The 373 cases of culture proven fungal keratitis during the study period constituted 51% of all culture-proven cases of infectious keratitis in our institute, which is in accordance with previous reports on the incidence of such infections from tropical countries. [1],[2],[3],[4],[5] Among the fungal isolates, pigmented fungi (31.37%) were the second-most common etiological agents after the nonpigmented filamentous species i.e., Fusarium (35.92%) and Aspergillus (26%). Garg et al., [6] reported a much lower incidence of keratomycosis due to pigmented fungi (15%) in their series over a decade ago while Bharathi et al., [5] reported a higher incidence of 25% recently from South India and Chowdhary reported a 29% incidence of Curvularia keratiits from North India. [19] Wilhelmus et al., in a retrospective series spanning 30 years (1970-1999), have reported only 43 patients from Houston, Texas. Our study possibly points toward an increasing trend in the incidence of keratitis due to pigmented fungi, especially in this part of the world.

[Table 6] shows a comparison of studies on keratomycosis due to pigmented fungi thus far.
Table 6: Comparison of previous studies on pigmented keratitis with the present study

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Eyes with nonpigmented keratitis had significantly worse vision at the time of presentation compared to the pigmented group. This can be explained by the fact that this group had significantly larger ulcers compared to the pigmented group. The characteristic macroscopical pigmentation was seen clinically in only 14.5% of eyes in the pigmented keratitis group. A similar incidence of clinically visible pigmentation was reported by Garg et al., (27%). [6] Hence the clinical picture is usually insufficient to establish a diagnosis of dematiaceous fungal keratitis or to distinguish it from nonpigmented fungal keratitis. A definitive diagnosis by microbiological investigations is a must in such cases.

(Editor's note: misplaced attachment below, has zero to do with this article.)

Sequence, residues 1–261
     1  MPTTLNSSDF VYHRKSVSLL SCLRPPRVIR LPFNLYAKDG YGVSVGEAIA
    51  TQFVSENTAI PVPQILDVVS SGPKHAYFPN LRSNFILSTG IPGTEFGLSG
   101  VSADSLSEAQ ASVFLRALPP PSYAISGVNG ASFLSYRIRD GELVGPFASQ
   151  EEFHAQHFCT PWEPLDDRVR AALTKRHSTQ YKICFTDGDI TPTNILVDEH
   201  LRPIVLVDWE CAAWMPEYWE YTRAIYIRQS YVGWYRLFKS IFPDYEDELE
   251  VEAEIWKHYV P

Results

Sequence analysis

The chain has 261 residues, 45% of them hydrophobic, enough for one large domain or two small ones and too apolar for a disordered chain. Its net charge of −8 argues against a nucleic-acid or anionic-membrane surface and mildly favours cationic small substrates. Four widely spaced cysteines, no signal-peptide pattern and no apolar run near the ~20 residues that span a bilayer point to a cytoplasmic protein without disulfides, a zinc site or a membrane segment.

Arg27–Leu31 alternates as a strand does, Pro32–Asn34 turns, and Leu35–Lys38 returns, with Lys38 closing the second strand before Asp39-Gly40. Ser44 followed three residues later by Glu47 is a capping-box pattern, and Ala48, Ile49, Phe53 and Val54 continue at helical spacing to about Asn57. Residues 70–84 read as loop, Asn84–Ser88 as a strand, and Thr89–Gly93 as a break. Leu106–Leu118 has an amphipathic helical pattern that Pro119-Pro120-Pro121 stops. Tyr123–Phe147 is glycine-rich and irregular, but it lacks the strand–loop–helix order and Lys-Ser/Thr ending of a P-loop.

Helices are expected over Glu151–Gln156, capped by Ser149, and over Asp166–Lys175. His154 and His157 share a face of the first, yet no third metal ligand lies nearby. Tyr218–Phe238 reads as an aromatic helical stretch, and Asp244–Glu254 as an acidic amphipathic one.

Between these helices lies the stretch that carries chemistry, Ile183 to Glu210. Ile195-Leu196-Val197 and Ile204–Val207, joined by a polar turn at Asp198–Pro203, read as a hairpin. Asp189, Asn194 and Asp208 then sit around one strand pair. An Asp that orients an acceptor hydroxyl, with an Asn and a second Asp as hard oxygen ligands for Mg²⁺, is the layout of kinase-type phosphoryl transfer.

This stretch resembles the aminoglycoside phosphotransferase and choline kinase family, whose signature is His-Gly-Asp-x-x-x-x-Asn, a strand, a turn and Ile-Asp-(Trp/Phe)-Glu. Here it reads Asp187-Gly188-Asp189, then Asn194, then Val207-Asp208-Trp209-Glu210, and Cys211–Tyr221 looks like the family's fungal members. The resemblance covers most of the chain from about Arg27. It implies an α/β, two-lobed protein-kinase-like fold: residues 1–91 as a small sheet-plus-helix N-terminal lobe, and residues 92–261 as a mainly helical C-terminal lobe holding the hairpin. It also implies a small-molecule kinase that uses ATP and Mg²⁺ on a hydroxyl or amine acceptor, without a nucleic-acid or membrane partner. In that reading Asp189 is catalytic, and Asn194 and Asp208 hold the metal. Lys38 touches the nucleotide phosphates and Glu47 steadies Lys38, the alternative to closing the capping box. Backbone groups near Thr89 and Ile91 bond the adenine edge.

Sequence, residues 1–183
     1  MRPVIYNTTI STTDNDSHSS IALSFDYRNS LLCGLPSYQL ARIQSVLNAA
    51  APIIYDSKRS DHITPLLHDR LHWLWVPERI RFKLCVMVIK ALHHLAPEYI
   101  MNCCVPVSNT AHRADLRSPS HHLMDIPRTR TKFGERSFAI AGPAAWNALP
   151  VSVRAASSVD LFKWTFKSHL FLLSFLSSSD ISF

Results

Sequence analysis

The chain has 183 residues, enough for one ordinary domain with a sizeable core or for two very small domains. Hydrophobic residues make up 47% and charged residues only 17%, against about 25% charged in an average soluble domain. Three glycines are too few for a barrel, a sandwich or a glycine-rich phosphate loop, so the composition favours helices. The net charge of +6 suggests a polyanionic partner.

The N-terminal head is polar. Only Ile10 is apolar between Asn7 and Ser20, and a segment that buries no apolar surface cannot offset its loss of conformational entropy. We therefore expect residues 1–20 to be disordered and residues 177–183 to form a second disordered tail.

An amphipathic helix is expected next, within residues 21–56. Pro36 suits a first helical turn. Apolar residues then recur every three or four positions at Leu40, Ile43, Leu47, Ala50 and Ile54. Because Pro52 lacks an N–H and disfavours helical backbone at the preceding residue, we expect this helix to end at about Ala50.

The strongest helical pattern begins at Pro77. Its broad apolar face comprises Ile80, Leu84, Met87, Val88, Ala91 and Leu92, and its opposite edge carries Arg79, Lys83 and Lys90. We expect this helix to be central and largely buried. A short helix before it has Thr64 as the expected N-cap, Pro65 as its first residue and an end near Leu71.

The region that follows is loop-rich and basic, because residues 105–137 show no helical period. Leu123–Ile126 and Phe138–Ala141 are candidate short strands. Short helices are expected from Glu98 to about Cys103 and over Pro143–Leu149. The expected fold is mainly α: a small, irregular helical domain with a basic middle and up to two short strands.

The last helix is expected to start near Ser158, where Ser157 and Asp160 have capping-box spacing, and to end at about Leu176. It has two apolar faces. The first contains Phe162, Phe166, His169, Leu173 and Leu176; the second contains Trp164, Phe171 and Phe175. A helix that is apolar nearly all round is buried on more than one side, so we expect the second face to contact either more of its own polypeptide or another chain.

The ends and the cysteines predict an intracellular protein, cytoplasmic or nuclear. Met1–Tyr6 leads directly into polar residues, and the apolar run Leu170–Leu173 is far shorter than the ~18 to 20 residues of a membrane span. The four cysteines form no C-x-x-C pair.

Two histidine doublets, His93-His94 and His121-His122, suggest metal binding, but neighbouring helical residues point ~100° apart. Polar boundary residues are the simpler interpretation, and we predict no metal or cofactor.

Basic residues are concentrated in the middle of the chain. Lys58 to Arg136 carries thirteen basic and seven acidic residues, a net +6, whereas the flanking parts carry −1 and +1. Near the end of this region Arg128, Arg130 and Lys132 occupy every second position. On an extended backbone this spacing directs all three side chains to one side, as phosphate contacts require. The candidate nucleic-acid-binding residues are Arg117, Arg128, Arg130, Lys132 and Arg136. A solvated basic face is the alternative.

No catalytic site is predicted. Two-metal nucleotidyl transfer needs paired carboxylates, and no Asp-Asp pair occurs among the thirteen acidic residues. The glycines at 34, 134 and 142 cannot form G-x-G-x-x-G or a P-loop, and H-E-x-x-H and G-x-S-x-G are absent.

Response to medical treatment alone was favorable, with a significant improvement in logMAR visual acuity and comparable rates of healing and scar formation in both groups. In the study by Garg et al., [6] 49 eyes with pigmented keratitis (72%) responded to medical therapy with resolution of infiltrate and scar formation. However, subgroup analysis revealed that healing was significantly better in the superficial infiltrate group (88%) compared with patients having deep infiltrate at initial examination (46.1%). Our study showed similar results in eyes with deep mycosis (endothelial plaque) and in this subgroup, nonpigmented group had a better outcome compared to the pigmented group.

As eyes with nonpigmented keratitis had a significantly worse mean visual acuity at presentation compared to eyes with pigmented keratitis, a direct comparison between the mean final visual outcomes of the two groups was not possible. To overcome this statistical barrier, we classified patients in each group into those with good visual outcome (> 4 line gainers), poor visual outcome (> 4 line losers) and visual stabilization. Classifying outcomes as line gainers and losers makes the study conclusions statistically robust. On analyzing these subgroups, we found no difference in visual outcome in the two groups. We analyzed visual outcomes only in those eyes that experienced healing and scar formation. Excluding eyes that underwent surgical intervention viz., TPK and evisceration in visual outcome analysis made the groups more comparable and eliminated intraoperative and postoperative factors responsible for visual outcome. This issue is an interesting one and may be analyzed separately. Similar study designs may be followed in other studies before and after treatment